When people think about traditional mutual funds they typically think about funds known as “open ended funds.” They are the most commons funds. Shares of the fund are bought or sold though the fund company. There are no limits to the number of shares that can be issued and shares prices are determined once a day, after the market closes. At that point the total value of the assets in the mutual fund are determined and divided by the number of shares. This is the “net asset value” (NAV) and everyone who buys a share on that day pays the same price and everyone who sells also gets the same price, not matter what time of the day the order to buy or sell has actually been entered.
“Exchange Traded Funds” (ETFs) are newer but have become popular because they are bought and sold like a stock and are traded on major exchanges. The price of the shares can fluctuate during the day and the price that an investor pays for the shares can be different from minute to minute, just like the price of a stock will fluctuate during the day. That means that an ETF can be bought in the morning and sold in the afternoon for a profit or a loss depending on the change in value. The market price of an ETF is kept near the NAV by large institutional investors who will detect any difference between the NAV and the actual share price and use “arbitrage” to make that difference go away.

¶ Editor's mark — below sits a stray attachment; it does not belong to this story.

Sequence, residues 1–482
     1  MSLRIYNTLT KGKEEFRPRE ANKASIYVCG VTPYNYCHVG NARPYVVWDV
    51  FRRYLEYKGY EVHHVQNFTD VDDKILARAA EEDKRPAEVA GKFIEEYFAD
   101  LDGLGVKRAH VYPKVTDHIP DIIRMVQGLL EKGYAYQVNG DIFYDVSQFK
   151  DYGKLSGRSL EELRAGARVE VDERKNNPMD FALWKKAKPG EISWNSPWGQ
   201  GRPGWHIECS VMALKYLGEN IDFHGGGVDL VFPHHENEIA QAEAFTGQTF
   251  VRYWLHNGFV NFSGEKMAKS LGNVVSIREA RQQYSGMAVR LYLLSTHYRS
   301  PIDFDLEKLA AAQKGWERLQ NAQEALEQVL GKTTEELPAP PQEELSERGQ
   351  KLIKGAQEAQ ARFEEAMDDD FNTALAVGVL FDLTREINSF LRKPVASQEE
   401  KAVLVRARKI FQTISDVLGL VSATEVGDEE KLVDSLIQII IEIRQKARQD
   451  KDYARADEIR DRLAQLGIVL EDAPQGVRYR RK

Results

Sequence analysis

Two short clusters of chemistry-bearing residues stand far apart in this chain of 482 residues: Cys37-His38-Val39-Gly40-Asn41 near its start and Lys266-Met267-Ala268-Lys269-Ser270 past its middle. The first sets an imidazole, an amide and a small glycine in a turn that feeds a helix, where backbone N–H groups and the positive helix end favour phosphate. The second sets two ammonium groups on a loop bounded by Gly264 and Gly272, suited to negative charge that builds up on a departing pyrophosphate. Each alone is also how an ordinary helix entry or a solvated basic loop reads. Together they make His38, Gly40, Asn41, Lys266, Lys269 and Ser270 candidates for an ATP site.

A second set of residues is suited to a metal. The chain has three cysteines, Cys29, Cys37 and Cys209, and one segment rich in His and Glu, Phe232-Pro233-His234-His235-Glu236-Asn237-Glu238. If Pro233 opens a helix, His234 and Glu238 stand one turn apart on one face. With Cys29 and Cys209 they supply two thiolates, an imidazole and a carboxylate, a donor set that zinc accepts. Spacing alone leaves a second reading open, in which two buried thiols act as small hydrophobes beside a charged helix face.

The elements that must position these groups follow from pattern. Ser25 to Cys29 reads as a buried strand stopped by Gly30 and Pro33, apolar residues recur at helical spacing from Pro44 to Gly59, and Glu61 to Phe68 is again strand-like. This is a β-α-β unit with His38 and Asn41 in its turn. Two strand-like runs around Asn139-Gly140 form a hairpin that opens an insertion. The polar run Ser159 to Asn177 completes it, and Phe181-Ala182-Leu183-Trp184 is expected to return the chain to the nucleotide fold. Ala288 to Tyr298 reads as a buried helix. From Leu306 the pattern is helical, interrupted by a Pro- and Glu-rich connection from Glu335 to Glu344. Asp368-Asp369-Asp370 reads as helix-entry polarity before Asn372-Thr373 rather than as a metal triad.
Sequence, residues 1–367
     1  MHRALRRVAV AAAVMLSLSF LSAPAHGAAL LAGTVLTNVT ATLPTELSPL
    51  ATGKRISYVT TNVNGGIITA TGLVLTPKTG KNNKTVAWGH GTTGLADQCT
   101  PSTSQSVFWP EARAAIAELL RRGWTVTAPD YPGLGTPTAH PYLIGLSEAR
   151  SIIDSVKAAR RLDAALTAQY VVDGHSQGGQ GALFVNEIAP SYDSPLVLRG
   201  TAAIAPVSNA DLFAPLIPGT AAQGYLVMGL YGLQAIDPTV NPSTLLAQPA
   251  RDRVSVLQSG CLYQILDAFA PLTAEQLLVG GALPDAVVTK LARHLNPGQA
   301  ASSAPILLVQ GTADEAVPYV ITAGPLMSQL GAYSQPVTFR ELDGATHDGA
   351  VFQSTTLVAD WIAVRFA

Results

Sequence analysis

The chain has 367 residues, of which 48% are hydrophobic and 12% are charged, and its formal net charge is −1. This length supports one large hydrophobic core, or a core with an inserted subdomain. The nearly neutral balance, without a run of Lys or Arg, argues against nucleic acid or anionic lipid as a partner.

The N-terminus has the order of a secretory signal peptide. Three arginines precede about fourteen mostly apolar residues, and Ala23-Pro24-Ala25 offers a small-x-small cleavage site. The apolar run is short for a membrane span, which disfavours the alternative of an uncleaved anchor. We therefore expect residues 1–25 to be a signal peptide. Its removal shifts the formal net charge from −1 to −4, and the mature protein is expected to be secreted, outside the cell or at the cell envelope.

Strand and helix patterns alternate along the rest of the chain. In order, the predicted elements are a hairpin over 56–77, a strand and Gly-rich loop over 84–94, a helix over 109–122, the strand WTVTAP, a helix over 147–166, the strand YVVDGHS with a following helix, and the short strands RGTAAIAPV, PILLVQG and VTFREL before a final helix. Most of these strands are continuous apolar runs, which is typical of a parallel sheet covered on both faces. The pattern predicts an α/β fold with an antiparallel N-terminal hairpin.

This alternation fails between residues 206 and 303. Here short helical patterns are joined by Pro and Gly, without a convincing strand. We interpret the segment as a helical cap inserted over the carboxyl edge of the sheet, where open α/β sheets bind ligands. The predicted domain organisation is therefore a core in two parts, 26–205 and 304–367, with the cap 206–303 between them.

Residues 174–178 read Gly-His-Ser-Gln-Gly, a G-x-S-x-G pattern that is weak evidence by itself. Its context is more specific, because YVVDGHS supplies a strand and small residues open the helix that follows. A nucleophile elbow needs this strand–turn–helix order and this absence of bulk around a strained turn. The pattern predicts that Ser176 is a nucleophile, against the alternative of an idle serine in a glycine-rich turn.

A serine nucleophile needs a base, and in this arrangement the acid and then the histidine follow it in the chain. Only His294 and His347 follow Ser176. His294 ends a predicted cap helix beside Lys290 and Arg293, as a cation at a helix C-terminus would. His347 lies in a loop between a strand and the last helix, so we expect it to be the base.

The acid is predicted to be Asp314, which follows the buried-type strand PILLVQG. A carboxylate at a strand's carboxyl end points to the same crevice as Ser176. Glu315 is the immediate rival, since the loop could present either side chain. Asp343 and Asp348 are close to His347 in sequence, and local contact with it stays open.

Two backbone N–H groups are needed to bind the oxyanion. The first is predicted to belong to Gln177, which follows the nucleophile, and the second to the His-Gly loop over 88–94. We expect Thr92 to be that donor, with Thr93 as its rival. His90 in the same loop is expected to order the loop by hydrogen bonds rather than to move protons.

Because ETFs are more flexible in terms of trading strategy, they have become very popular with many active investors and speculators. In addition, because many ETFs are “passive” funds they often have lower expense ratios than many traditional mutual funds.
There are a number of other issues that an investor should be aware of with ETFs such as liquidity, commissions to trade, the bid-asked spread, and the viability of any specific ETF.
As always, consult your investment advisor.